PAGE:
Comedian Lara Rae cried when she received her first vaccine. Sean Ledwich, Local Journalism Initiative Reporter
By Sean Ledwich, Local Journalism Initiative Reporter
Lara Rae cried when she got her first vaccine.
“And I don’t think I’m the only person that did that.”
The tears were of joy and relief. Since the start of the pandemic Rae says she has worked every day in contact with unvaccinated people as the manager of 1JustCity’s volunteer and lunch programs at West Broadway Community Services or walking with the West Broadway Bear Clan.
On November 10 she got her third shot in the sanctuary at Young United Church during a WRHA vaccine clinic hosted by 1JustCity. This time, no tears, but the relief was there.
“I was beginning to get slightly concerned,” she said. Her work in a high-risk setting made her eligible for vaccinations early on, so she worried her protection could be waning.
Rae is better known for laughter than tears. She is co-founder and former artistic director of the Winnipeg Comedy Festival, one of the developers of the hit comedy series Little Mosque on the Prairie and a regular pugilist on CBC’s The Debaters radio show.
When it comes to debating vaccines with people, though, Rae aims for reassurance over laughs.
“I try to disabuse people of any concern they have about any potential damage the vaccine can cause. It’s one of the safest public health choices that you can make.”
She recognizes marginalized populations have been “historically stigmatized” by egregious past health practices and abuses, causing distrust, and ironically making them among the most vulnerable to disease today.
“If (public health campaigns) look like previous historic activities, then I understand why people would be reluctant. And so, I have a lot of sympathy on that particular front.”
Her sympathy does not extend to others though.
“People who put forward any kind of religious or moral positions on public health, and I say that as a religious person, I find it contrary to any kind of standard basic human spiritual principles. I would describe them, fundamentally, as a kind of form of religious narcissism.”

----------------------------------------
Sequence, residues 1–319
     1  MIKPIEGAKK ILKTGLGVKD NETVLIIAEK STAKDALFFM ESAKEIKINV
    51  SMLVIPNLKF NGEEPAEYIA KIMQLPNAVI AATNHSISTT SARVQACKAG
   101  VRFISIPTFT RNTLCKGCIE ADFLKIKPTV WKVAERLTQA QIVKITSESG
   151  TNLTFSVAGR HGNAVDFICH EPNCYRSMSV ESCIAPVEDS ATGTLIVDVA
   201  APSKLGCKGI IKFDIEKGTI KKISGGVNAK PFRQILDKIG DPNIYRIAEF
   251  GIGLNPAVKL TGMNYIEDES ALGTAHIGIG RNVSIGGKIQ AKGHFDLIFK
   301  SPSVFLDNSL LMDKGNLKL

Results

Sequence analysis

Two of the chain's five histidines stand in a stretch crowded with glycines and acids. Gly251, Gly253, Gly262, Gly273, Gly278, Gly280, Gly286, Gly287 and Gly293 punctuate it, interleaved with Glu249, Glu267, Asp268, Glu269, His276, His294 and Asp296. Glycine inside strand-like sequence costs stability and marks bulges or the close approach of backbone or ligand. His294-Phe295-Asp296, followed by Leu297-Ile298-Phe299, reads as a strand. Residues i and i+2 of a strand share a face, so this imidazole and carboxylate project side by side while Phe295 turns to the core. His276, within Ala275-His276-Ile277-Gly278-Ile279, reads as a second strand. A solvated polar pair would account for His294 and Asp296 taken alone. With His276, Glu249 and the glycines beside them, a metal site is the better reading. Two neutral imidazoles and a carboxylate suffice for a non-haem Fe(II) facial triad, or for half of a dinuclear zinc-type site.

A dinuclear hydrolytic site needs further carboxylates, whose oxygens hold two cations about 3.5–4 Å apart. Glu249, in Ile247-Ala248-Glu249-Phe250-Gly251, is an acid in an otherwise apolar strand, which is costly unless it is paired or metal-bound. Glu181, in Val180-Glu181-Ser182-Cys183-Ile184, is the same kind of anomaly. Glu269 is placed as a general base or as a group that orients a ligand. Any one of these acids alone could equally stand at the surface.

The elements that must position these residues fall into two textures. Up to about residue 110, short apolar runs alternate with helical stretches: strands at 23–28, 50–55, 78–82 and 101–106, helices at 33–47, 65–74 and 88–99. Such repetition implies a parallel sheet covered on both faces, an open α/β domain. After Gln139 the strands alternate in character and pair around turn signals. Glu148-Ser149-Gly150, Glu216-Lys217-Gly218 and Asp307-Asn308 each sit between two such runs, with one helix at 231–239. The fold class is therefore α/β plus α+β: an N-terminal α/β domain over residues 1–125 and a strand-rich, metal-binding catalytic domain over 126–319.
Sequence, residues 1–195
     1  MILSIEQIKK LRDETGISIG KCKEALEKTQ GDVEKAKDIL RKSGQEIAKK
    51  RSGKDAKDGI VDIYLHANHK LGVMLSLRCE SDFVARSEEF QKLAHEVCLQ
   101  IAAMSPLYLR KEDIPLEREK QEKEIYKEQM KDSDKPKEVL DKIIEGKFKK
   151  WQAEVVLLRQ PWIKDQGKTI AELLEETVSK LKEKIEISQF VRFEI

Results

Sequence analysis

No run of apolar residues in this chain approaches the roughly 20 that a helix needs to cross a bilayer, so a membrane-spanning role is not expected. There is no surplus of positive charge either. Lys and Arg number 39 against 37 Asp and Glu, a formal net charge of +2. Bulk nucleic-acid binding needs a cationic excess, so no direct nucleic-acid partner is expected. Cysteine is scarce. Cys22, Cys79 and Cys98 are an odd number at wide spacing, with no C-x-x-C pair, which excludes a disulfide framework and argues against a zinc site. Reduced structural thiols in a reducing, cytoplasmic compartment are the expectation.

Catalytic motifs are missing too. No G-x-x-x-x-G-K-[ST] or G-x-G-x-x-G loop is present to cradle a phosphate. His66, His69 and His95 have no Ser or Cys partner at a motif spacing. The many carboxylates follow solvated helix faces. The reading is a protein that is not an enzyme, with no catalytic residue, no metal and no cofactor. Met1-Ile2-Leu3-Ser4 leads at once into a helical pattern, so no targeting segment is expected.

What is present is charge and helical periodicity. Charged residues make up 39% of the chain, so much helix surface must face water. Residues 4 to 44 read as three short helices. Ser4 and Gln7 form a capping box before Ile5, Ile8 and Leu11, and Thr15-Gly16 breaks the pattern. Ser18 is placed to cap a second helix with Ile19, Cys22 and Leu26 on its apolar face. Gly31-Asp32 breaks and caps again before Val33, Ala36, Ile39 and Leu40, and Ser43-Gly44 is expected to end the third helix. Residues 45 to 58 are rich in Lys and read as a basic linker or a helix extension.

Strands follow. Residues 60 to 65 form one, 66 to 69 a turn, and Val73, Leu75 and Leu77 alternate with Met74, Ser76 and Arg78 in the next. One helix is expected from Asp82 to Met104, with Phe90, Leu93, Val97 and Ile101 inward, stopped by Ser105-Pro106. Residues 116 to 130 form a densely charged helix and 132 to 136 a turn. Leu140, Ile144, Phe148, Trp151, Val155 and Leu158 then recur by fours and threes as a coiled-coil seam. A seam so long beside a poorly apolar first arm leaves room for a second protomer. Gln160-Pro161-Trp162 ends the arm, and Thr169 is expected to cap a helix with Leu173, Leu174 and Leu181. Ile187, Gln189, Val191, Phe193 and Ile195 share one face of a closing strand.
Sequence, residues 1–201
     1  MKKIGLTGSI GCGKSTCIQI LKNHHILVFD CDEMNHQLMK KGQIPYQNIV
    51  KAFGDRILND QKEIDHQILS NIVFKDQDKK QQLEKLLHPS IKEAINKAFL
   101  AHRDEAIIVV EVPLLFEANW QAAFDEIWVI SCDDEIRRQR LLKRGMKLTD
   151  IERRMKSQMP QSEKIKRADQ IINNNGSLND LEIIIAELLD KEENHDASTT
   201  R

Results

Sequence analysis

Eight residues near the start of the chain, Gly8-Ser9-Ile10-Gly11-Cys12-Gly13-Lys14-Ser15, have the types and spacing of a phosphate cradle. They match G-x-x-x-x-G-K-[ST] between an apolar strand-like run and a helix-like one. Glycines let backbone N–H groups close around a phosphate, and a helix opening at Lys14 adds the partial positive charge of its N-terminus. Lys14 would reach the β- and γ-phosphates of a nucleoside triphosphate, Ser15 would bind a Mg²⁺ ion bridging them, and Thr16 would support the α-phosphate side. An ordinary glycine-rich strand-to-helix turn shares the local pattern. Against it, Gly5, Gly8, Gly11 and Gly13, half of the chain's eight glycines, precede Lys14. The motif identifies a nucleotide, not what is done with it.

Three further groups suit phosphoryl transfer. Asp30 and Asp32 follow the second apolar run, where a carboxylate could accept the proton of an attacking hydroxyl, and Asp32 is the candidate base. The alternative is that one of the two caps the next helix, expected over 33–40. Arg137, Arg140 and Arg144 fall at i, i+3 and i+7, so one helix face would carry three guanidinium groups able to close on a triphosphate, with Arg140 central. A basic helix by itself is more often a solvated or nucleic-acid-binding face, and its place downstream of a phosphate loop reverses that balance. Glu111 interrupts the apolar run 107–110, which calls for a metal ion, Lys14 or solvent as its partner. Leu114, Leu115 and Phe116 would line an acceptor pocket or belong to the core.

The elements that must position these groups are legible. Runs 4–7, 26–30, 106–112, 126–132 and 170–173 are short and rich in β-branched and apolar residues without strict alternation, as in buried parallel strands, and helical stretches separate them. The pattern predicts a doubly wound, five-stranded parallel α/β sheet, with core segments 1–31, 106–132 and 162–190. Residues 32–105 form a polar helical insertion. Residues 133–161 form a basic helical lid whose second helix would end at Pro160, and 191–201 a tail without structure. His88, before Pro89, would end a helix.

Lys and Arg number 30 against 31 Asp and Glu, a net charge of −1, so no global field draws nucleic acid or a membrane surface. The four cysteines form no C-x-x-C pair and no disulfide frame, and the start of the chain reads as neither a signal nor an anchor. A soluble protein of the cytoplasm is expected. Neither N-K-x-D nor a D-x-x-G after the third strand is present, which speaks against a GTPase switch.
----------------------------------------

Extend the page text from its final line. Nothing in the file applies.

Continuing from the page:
Rae knows people who have died from COVID-19, and she also knows people who have suffered side-effects from the vaccine. As of November 5, Health Canada reported 4,117 cases of “adverse effects of special interest” out of almost 59 million COVID-19 vaccine doses administered.
Despite the rarity of side-effects, Rae sees some people obsess on negative outliers to create an anti-vaccination world view they think is logical. But rather than worrying about why people are not getting vaccinated she wants to focus on helping people get vaccinated—and restoring social closeness. She says her work is “a tactile kind of relationship with people—touching people, holding them, hugging them, being with them, holding their hand. So much of that is gone.“
And on November 10, in a church sanctuary, she took a step closer to that closeness, and saw others do the same.
“I will go home today very happy that I saw with my own eyes six people who yesterday weren’t vaccinated are now vaccinated. And it’s six more people that I can literally embrace and say, ‘I want to help you in as much a full human way as possible.’”
This item is reprinted with permission from The Leaf, Winnipeg, Manitoba.
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